Jeremy Nathan Tisser Discusses “We Stand Corrected: Dannemora”

Binged everything on Netflix, Disney+ and Hulu while in quarantine? If you like documentaries, a film worth giving a second shot is Gravitas Ventures’ We Stand Corrected: Dannemora. The doc pulls back the curtain on the intricacies of the prison system, the dynamics between officers and inmates and the aftermath of the largest manhunt in New York state history. It was also an alternative narrative to Ben Stiller’s award-winning Showtime limited series, Escape at Dannemora. You can currently purchase the doc on Amazon, Youtube, Google Play and Vudu. You can also stream for free on Tubi and Sling TV.  Adding to the drama of the narrative is the score by composer Jeremy Nathan Tisser. Jeremy does a great job of heightening the emotion while creating suspense. We spoke to Jeremy about his work on the project below.

How did you get connected with We Stand Corrected: Dannemora? What was your initial appeal to the project?

I was first introduced to the director, Richie Elson, through his wife, Lisa, maybe 6 years ago. Richie and I hit it off almost immediately! I scored a short film for him back then, and we’ve been good friends ever since. After the prison break took place, Richie got right to work on the documentary, and called me to see if I was interested in writing the music. Of course, I accepted! It turns out, his father worked at Clinton Correctional Facility for many years, and Richie is from a neighboring area, so the story hit very close to home for him. He began uncovering all of these details that the state tried to hide from the public. This wasn’t a simple prison break. There really was a full-blown government conspiracy, and if any of the guards at the prison were to speak up, they’d not only be fired, but they’d lose everything. It wasn’t right, and I knew immediately we had to tell this story.

How would you describe your score for We Stand Corrected: Dannemora?

‘Subtle, yet intricate’ is how I’d describe the score. Every note, every accent, was intentionally considered. ‘Reserved’ is another word I’d use to describe it. Most of the time, I’m called to write big adventure or action-oriented orchestral scores. But this was quite different. There’s so much dialogue, and not a lot of movement, as is the case with most independent documentaries. I had to take these monologues, and create stories out of them with peaks and valleys in the music, but without distracting the viewer or detracting from the dialogue. The goal was to enhance the story without getting in the way, while moving the story along at all times.

We Stand Corrected: Dannemora is an alternative narrative to Ben Stiller’s Showtime limited series, Escape at Dannemora. Did you watch Escape at Dannemora to see what composer Edward Shearmur did with that score?

I began writing the score for the documentary and its song well before the Showtime series was announced, actually. And by the time I had finished my work, the ‘Escape at Dannemora’ still had not been released yet.

Not only did you score the documentary, but you also wrote the title track “We Stand Corrected”? Can you talk about that process a bit?

This song had quite a long process, and I don’t want to take away from anyone’s musical contributions, so please bear with me as I break down how this song went from a cool percussion piece to a full-fledged Rock ballad.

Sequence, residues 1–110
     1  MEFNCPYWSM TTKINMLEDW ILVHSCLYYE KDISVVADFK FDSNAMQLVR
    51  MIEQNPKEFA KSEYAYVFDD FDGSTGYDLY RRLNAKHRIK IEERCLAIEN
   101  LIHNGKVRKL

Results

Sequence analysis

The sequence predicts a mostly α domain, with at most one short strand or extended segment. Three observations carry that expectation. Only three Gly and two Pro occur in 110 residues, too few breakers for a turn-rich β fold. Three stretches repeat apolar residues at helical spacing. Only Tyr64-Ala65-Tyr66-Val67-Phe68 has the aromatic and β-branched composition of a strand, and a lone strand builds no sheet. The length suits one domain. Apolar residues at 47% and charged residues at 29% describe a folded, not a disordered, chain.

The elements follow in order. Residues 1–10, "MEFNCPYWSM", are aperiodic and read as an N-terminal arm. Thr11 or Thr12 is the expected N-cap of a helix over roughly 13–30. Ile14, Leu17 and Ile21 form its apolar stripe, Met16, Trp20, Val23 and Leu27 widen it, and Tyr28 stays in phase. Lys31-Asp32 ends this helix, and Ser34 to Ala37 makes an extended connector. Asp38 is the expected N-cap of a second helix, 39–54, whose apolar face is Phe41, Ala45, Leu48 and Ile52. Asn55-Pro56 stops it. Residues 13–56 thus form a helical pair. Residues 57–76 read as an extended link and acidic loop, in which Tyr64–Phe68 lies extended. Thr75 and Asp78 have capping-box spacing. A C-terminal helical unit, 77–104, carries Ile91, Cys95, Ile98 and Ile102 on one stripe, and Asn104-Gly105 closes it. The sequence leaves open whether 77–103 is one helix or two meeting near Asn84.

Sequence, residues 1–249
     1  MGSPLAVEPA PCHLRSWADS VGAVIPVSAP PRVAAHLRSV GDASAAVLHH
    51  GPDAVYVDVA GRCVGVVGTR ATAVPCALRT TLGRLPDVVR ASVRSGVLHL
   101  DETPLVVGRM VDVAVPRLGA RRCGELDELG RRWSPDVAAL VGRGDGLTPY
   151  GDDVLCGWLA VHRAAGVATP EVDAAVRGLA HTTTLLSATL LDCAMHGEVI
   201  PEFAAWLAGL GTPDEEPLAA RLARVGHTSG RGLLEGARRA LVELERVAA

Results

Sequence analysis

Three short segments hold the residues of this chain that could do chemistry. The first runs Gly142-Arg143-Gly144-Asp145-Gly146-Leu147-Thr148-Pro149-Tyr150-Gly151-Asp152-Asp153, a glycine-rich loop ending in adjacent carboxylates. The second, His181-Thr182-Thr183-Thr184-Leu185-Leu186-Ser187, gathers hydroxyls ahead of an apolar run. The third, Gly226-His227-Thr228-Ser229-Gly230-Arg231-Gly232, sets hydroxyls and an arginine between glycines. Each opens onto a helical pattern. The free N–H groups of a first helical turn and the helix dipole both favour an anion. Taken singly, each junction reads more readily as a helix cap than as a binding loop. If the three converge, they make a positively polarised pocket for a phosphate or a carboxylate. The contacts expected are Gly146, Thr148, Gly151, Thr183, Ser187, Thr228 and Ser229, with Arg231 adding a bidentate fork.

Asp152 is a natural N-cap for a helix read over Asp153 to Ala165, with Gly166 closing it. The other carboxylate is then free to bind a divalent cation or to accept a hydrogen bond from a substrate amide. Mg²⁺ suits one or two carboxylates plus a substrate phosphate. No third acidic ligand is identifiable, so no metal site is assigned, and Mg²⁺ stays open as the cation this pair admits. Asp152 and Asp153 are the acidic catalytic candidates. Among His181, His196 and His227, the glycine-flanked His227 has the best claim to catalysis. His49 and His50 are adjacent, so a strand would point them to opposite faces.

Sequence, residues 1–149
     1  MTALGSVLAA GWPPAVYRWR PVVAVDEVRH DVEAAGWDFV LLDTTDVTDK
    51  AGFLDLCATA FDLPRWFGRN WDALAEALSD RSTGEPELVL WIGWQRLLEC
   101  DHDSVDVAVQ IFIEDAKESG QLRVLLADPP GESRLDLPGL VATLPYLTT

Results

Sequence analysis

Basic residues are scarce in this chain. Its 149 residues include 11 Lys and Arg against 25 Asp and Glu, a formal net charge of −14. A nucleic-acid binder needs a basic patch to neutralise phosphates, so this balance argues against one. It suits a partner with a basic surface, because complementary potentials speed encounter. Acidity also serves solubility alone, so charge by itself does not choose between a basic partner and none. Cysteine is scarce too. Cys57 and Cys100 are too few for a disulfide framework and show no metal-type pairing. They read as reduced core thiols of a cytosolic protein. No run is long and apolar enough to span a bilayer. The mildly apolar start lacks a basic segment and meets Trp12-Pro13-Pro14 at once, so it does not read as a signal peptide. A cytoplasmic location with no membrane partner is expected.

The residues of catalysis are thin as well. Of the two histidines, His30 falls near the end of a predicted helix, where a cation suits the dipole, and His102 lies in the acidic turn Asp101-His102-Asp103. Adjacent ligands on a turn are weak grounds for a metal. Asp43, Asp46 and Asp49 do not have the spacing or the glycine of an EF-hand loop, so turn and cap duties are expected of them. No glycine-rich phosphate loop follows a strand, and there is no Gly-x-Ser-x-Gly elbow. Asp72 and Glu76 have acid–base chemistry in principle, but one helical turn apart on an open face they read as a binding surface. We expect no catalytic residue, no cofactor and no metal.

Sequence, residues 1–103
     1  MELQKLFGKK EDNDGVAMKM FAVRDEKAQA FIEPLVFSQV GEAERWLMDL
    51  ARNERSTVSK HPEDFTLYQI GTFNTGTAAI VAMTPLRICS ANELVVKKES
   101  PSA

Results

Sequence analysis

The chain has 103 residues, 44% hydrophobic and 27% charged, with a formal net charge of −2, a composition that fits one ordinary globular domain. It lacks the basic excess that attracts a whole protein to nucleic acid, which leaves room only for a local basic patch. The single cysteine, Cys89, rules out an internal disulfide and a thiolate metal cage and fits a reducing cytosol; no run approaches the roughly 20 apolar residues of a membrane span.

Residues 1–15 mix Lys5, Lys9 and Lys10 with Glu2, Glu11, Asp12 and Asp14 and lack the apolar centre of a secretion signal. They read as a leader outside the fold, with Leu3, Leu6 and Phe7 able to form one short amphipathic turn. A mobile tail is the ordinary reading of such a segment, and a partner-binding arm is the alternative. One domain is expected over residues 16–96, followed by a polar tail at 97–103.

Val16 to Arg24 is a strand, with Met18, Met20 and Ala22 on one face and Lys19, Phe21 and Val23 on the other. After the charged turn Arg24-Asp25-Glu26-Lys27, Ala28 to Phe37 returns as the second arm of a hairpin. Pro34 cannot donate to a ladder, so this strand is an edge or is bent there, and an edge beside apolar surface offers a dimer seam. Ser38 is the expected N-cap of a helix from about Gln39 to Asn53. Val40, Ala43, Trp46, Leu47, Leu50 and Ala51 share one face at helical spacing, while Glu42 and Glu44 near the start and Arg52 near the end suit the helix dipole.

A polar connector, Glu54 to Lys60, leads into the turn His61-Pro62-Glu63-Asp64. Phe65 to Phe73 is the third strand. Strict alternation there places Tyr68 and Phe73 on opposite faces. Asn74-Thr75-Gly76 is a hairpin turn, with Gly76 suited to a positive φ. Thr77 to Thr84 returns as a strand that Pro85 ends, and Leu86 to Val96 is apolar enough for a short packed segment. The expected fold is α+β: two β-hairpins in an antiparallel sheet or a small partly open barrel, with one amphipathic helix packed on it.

As soon as I decided to write a song, my first call was to my dear friend and Grammy-winning percussionist, MB Gordy. I told him I was writing a song for a movie, and that I wanted to create a percussion piece inspired by the sounds you might hear in a prison to elevate the track. The catch was that the percussion elements had to tell the story of a prison break. It opens with a saw cutting through a pipe at the starting tempo of the song. The piece ends with the saw cutting through the pipe, and a piece of pipe hitting the ground, as if to say the escape was successful. Throughout the song, you hear sounds of rioting, chains dragging, metal doors slamming, etc, all being used to cover up the sound of a saw cutting through a pipe. This emulated the methods that Matt & Sweat used to cover up their escape. I then took the stems we had created, and chopped them up, rearranged them, and formed what became the foundation for the song.

We knew this had to be a rock song with heavy guitars and powerful drums. The next step was creating the layout for the song. We didn’t know how long the end credits would be, so we wrote a song that could cover a 7-minute credits roll but could be edited down properly if needed. I then took the song to my other good friend and Grammy nominated engineer, Greg Karas, to arrange and record the guitar parts.

Richie and I agree that we wanted to create a concept for the lyrics. I don’t personally like generic lyrics that simply talk about our feelings, and for this song we needed to dive deeper. We decided that the first verse should be from the perspective of the Correctional Officers, asking the state for more funding, better protection, and better protocols. The second verse is from the State’s point of view, needing to save money, cut spending, covering up when they make a big mistake, and simply politicizing people’s lives. The bridge is from the perspective of the community. Finally, the chorus is from the perspective of everyone around the country, who is fed up with governments politicizing everything and lying to the people. We need real change from within our political system across the board. That was the message I wanted to convey.